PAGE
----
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Tolko Armstrong installs 3D sensors on unscrambler

Aug. 4, 2017 - Sensors in the sawmill industry have come leaps and bounds over the last several years, and there are seemingly endless new players in the manufacturing game.

August 4, 2017  By  Maria Church

Tolko Armstrong lumber mill in B.C. installed two ifm sensors for its two-stage Mill Tech unscrambler in January 2015. The sensors replaced photoeyes that required frequent maintenance and would at times miscalculate what was in the unscrambler pocket. Sensors in the sawmill industry have come leaps and bounds over the last several years

When Tolko Armstrong lumber mill in British Columbia chose ifm’s 3D sensors to replace the photoeyes on its unscrambler as part of a larger upgrade to the mill in 2014, Dwayne Bueckert, a control systems specialist with Tolko Armstrong lumber mill, was a bit sceptical.

“There was a little bit of hesitation going in, because this sensor is very inexpensive,” he says. “When it comes to cutting-edge technology, it’s pretty rare to see a sensor this inexpensive that does what it does.”

Bueckert oversaw the installation of two ifm O3D300 sensors for its two-stage Mill Tech unscrambler in January 2015. Since the installation there has been almost zero maintenance required on the sensors, and Bueckert says he is more than pleased with their performance.

“If I had 20 of these sensors right now I would install them all and I know exactly where,” he says.


Tolko’s eight and nine-foot Armstrong lumber mill produces a variety of products from a diet of spruce, pine, fir, larch and hemlock. The mill, an hour drive north of Kelowna, employs about 120 people.

The sawmill’s unscrambler previously used photoeyes – photoelectric sensors that detect the presence or absence of an object – placed at various angles to view the upper and lower pockets and determine the amount within, but if boards were at odd angles they would block the vision of the photoeyes, which would then miscalculate what was in the pocket.

“It was a maintenance nightmare,” Bueckert says. “Your photoeyes are right there at the end of the pocket, sooner or later a stick slips through the slot.” As well when the mill changed runs and there was a new pocket amount needed, the photoeyes had to be physically moved to adjust for the new amounts, a job that required electricians.

The ifm 3D sensors, by comparison, are programed to measure volume of the pocket in litres, and are installed on roof brackets 16 feet above the pockets. Installation was a simple matter of mounting the sensors on the brackets. The sensors can be easily programed for new volumes as needed.

“The effectiveness went through the roof, the maintenance through the floor,” Bueckert says.

One mishap occurred early on after the install when a loose board from the upper pocket came off and hit the lower-pocket sensor, which was at the time mounted too close to the upper pocket. That sensor has since been moved further away and the angle adjusted with no incident.

The 3D sensors continuously measure uneven surfaces and adapt to the shape of bins to determine minimum, maximum or mean values. Built with stainless steel, the sensor determines the level via a defined background and transmits the process value digitally, immune to noise, via an Ethernet process interface. Tolko’s operators are able to customize the target depth of the pockets according to the run selected.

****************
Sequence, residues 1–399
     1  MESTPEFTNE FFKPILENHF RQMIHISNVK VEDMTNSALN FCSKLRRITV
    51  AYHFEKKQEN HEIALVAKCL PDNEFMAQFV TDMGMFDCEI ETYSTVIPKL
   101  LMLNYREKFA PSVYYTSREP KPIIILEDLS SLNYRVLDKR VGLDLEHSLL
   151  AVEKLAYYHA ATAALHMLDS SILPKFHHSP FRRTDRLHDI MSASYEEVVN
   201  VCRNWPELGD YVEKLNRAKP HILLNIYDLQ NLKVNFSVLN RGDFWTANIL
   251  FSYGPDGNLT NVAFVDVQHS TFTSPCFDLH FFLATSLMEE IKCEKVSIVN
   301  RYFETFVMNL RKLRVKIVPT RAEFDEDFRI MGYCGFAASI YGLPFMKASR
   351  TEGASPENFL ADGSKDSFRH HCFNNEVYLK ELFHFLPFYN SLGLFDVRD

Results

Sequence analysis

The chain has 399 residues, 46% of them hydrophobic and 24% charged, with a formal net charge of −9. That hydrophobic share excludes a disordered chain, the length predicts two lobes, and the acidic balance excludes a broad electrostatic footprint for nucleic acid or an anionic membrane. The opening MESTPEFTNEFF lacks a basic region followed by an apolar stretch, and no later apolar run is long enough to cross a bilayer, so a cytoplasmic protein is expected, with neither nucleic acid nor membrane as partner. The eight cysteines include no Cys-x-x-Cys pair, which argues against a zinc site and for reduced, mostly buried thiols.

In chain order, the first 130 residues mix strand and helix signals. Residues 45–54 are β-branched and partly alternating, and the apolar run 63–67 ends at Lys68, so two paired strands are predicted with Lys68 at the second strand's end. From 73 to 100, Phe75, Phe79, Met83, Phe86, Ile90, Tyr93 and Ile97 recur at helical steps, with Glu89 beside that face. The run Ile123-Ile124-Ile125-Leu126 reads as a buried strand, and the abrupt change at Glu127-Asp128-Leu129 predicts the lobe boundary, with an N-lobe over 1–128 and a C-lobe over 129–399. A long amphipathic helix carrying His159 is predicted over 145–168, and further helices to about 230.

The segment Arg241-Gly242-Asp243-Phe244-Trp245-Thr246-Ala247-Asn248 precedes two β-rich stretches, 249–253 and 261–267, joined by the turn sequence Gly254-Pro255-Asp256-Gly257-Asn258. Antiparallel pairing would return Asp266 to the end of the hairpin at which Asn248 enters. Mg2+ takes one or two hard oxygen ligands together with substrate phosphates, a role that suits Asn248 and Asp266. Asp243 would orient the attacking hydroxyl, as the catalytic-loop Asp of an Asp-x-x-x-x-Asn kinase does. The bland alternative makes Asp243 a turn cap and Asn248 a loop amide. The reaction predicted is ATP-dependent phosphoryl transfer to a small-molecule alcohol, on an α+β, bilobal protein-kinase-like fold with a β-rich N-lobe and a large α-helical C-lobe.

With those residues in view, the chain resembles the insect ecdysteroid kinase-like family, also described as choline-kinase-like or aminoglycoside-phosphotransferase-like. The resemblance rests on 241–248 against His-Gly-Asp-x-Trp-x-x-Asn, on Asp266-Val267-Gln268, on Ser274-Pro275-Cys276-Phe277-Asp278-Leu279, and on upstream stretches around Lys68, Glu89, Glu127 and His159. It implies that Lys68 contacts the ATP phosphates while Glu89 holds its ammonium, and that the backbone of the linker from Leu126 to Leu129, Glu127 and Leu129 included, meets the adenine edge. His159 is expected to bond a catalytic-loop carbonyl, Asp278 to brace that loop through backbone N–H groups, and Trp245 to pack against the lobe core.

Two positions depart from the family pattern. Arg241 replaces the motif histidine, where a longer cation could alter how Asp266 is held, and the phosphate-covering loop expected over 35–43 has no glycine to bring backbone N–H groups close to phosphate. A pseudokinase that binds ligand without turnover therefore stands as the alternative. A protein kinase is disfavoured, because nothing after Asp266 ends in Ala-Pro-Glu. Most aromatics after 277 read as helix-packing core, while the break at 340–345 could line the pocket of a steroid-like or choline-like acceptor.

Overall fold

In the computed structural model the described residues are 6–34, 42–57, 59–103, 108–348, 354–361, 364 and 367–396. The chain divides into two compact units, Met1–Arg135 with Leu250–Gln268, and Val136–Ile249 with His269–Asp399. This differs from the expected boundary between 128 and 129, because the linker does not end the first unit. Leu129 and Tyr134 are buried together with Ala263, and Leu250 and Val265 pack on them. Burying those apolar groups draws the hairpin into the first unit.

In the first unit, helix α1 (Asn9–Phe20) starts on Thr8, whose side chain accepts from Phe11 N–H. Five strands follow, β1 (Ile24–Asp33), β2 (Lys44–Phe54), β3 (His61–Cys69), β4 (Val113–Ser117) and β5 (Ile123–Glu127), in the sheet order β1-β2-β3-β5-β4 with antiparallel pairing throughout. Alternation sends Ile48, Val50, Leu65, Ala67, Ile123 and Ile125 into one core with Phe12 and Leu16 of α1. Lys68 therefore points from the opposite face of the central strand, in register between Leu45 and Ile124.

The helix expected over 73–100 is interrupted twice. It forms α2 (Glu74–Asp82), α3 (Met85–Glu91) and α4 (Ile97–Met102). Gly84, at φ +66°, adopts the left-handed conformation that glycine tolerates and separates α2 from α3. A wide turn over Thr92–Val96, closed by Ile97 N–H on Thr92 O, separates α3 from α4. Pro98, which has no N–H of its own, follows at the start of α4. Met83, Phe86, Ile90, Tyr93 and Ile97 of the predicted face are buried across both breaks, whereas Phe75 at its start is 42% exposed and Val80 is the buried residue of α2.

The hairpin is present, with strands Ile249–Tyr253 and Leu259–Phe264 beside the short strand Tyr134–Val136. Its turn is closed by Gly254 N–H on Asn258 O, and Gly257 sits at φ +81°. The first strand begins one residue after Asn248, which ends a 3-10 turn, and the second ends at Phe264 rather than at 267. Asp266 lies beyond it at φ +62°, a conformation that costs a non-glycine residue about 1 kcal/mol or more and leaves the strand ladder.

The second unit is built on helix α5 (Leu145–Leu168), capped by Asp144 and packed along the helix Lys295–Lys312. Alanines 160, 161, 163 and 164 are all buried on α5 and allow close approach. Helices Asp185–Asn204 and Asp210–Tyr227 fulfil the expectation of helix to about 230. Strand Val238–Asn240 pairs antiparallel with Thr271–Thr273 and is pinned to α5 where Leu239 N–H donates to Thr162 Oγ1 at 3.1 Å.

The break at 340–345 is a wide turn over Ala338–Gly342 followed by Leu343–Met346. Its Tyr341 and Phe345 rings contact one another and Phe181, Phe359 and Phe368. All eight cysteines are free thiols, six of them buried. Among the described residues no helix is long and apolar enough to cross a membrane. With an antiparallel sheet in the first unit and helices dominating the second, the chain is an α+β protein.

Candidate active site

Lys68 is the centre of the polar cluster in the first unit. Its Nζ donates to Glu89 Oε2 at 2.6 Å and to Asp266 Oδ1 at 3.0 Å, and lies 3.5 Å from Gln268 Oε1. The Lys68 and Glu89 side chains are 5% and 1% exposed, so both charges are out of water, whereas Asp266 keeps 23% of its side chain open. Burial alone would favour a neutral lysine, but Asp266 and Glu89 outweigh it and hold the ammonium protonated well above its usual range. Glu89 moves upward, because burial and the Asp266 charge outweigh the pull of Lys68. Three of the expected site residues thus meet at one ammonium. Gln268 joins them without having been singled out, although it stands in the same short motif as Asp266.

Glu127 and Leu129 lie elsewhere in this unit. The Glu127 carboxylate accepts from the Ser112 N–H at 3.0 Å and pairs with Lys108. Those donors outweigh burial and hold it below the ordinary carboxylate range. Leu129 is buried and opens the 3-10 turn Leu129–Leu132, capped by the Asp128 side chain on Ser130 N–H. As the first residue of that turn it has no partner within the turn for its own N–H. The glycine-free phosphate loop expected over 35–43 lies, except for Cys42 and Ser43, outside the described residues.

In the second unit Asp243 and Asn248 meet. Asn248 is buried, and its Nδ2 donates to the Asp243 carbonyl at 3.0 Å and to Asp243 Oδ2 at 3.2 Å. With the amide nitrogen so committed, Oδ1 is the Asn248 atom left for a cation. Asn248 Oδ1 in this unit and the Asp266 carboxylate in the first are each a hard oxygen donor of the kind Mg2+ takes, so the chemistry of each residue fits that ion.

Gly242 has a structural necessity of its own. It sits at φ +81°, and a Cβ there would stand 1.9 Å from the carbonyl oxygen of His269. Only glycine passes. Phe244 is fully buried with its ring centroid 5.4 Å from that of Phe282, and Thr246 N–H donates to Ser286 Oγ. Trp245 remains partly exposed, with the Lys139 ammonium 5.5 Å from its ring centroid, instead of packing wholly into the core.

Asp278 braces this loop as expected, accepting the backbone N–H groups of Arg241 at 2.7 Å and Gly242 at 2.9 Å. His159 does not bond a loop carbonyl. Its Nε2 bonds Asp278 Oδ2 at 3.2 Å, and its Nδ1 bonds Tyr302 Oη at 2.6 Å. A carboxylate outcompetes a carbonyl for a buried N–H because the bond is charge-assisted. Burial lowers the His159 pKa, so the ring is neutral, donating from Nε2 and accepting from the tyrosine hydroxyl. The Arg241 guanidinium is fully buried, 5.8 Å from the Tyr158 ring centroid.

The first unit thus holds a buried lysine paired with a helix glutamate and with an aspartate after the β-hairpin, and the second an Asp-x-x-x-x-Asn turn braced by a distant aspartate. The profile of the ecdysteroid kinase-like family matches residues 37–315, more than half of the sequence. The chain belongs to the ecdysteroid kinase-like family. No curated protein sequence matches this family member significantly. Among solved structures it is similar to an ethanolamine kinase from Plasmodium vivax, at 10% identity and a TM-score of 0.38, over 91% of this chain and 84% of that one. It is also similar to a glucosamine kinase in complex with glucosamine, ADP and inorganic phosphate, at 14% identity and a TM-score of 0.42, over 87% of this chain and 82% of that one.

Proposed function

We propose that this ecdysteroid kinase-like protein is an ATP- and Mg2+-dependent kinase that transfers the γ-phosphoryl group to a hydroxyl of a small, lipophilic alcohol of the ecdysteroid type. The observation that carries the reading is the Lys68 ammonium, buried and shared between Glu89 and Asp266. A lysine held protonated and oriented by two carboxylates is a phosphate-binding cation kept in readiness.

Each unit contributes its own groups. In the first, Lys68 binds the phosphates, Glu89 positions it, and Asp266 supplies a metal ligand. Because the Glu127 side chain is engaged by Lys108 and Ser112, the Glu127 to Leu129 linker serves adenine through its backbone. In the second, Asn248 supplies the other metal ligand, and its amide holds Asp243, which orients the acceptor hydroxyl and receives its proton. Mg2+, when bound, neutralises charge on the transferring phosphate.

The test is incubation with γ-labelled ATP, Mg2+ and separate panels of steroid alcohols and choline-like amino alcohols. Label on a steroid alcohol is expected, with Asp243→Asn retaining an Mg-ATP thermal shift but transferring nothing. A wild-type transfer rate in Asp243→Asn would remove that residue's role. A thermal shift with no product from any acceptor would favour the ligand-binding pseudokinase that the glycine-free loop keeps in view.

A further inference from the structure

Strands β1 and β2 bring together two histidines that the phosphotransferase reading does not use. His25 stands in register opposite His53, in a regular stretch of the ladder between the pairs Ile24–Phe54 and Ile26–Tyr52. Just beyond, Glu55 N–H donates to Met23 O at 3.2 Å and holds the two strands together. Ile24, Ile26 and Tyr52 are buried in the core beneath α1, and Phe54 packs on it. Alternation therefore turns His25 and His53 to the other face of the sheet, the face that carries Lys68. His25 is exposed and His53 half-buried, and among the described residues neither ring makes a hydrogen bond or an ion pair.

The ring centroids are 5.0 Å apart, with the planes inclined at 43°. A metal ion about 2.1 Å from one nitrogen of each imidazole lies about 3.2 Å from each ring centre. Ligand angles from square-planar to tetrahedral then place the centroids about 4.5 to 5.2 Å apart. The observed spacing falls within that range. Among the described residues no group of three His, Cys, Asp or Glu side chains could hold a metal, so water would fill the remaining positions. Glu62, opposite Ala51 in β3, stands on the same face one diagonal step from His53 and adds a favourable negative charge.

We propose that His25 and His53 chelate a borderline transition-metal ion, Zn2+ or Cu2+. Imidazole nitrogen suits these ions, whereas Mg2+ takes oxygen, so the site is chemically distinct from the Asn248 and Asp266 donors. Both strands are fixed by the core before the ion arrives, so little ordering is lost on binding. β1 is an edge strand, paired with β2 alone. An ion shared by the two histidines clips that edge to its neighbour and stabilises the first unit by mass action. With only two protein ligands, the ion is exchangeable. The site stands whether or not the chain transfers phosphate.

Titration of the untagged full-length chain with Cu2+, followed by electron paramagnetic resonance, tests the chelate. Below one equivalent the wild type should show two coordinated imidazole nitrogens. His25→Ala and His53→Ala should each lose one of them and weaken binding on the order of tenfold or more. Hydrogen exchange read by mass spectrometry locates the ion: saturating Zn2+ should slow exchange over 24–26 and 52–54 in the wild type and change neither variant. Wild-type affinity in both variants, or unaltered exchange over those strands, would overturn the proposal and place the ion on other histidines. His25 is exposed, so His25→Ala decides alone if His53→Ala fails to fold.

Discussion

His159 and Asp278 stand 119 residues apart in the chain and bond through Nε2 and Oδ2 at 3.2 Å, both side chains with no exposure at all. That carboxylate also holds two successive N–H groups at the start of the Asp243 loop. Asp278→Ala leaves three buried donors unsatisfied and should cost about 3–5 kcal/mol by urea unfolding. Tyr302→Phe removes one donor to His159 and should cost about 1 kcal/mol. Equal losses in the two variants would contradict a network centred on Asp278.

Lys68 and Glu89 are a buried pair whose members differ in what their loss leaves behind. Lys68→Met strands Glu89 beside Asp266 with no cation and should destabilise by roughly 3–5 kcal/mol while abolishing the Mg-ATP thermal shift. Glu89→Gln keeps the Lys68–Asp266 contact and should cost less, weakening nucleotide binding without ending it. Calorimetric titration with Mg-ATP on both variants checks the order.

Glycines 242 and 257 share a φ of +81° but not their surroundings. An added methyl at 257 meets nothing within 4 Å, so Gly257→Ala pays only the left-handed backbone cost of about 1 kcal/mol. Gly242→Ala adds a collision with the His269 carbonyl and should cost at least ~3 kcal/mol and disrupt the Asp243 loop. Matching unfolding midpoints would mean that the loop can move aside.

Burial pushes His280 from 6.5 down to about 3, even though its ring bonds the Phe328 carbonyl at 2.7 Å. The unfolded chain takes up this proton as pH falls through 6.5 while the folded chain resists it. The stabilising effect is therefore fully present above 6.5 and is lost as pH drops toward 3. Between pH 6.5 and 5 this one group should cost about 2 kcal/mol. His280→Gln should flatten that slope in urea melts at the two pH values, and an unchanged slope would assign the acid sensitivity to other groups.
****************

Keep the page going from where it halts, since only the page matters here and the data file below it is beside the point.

“The sensors made the whole automation process very easy for us and eliminated the need for us to even talk about it – this is probably the most I’ve talked about it since we put them in,” Bueckert says.

While the sensor is ideal for application for an unscrambler, there are some limitations, Bueckert says. “It’s not the fastest sensor; it’s a little on the slower side so you can’t do high-speed applications like with some of our applications where we are processing four boards a second. But if it’s used for something that you need to update a few times a second, it does a really good job of it.”

What the sensors lack in speed, they make up for in ability to work in low light environments. “Now we’re looking back at some of the other installs where the application isn’t very fast, and saying to ourselves, ‘Can we put this one in now and eliminate these lighting issues,’” Bueckert says.

The Armstrong mill plans to install several more of the 3D sensors in various lower-speed, low-light applications if the accuracy meets the mill’s needs, such as lumber flow and height detection for packaging. The sensors are also being used at other Tolko mills for various applications.

Since Tolko Armstrong installed the two O3D300 sensors, the manufacturer has released a newer version that has more resolution and more software capabilities, which Bueckert says will be his next purchase and installation.

“They’re always improving,” he said, “so we have to stay sharp.”

The sensors are purchased directly from ifm and shipped within days. The German-based company has branches in Vancouver and Montreal and a head office in Toronto.

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